Meatball mishap

On a bustling Monday morning, I eagerly dragged my suitcase towards the London visa processing center to collect my passport, all set to head straight to Heathrow Airport afterward. As I flipped through my passport, I couldn’t help but feel disheartened to see I was granted only a two-week Schengen visa for Switzerland. Reflecting on the hassle of preparing and submitting my documents, I vowed never to give the Swiss Embassy my money again! In my huff, I almost forgot I was hungry. I decided to grab a meatball wrap from Pret, choosing takeout over dining in to save a few quid, and munched on it while waiting for the bus. Just as I opened the packaging, one of the massive meatballs tumbled out, rolling pathetically on the dusty ground. My eyes welled up with disappointment, but a nearby girl caught sight of my speechless expression and the fallen meatball, and she couldn’t help but giggle. Her laughter somehow made the meatball mishap seem less tragic, and I found myself joining in with a chuckle.

Bewildering French train service

My impression of France began even before I set foot in the country. As I hurried into the Zurich train station with my luggage in tow, I was informed that the ticket I had purchased for my Zurich-to-Paris trip from SNCF could only be collected at a French train station. The question arose: If I were already in France, why would I need to travel from Switzerland to France? As I helplessly watched the minute hand tick past the departure time, I sat in the ticket hall, staring at the slowly moving queue numbers, feeling a myriad of emotions rushing through my mind.

Finally, it was my turn. The ticket agent’s black eyeliner seemed to hover just above her jingling hoop earrings. Learning I was off on a solo adventure, she mentioned her own solo trip to Amsterdam, a liberating experience where she didn’t have to consult anyone on what to eat or see. Her glittering eyes filled me with a sense of anticipation for my time alone in France.

The train first arrived at Basel on the French-Swiss border, where everyone disembarked to catch the high-speed train to Paris. With only a 10-minute transfer time, I had my luggage ready for a quick sprint. Little did I know, the train’s punctuality was short-lived. I sat on the platform, waiting and waiting. Forty minutes passed without a hint of a train in sight! The other passengers appeared unfazed, seemingly accustomed to such delays. As the sun shone down, my towel draped over my suitcase began to dry. At least there was some gain in this waiting game.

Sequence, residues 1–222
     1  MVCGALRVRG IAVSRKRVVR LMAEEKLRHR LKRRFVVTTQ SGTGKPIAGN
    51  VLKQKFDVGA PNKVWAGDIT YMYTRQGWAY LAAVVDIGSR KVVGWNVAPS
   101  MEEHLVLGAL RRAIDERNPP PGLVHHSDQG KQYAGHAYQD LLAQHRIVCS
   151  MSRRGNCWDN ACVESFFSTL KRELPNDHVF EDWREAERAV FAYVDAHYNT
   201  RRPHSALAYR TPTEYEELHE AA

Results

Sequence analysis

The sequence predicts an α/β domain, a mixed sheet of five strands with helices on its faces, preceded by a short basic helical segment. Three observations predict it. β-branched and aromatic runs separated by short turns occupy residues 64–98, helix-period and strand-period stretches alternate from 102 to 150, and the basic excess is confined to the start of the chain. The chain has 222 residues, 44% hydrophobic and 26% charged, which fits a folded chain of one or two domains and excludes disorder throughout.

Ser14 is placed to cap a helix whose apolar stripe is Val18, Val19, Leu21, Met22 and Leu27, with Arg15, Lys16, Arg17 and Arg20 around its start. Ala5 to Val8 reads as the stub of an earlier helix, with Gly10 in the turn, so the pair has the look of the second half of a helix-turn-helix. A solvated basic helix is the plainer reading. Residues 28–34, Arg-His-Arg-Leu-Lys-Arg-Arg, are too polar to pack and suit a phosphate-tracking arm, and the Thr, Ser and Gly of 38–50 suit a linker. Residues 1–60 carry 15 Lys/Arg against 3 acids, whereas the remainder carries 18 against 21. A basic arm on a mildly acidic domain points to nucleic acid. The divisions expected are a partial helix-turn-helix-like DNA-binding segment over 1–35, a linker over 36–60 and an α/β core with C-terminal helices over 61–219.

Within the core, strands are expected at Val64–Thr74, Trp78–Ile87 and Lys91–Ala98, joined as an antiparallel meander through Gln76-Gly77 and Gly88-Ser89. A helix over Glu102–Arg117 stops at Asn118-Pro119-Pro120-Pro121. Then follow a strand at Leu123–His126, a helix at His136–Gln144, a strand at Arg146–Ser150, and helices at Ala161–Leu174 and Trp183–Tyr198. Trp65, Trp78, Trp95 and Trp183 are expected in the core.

Fontainebleau: Beware the Poetic Misconception!

“White dew on the red maple leaf” – such a beautiful Chinese name for Fontainebleau, despite its French name holding no particular meaning. I excitedly shared this stunning moniker with my friend who had come to pick me up, eager to see his picturesque hometown. However, upon arriving, I couldn’t help but feel a little let down. Apart from the magnificent Château de Fontainebleau, the town itself was just an ordinary place. Don’t let the name deceive you!

Mona Lisa or a kitten? Finding joy in simplicity

After wandering around the Centre Pompidou, I came to terms with the reality that I simply couldn’t appreciate modern art. Compared to Picasso’s various abstract masterpieces, my favorite sight was a sculpture and water feature on the rooftop terrace of the fifth floor. The black, abstract statue connected to a sleek black surface covered in a thin layer of water. The sun blazed overhead, making everything sizzle, as pigeons occasionally flew down for a drink. The water was too shallow, so the birds had to lean forward, pressing their entire chests against the ground – a sight that was irresistibly amusing. In my eyes, this scene outshone all the grand works within the museum.

Pigeons, prone on the ground, drinking water from the fountain at the Centre Pompidou.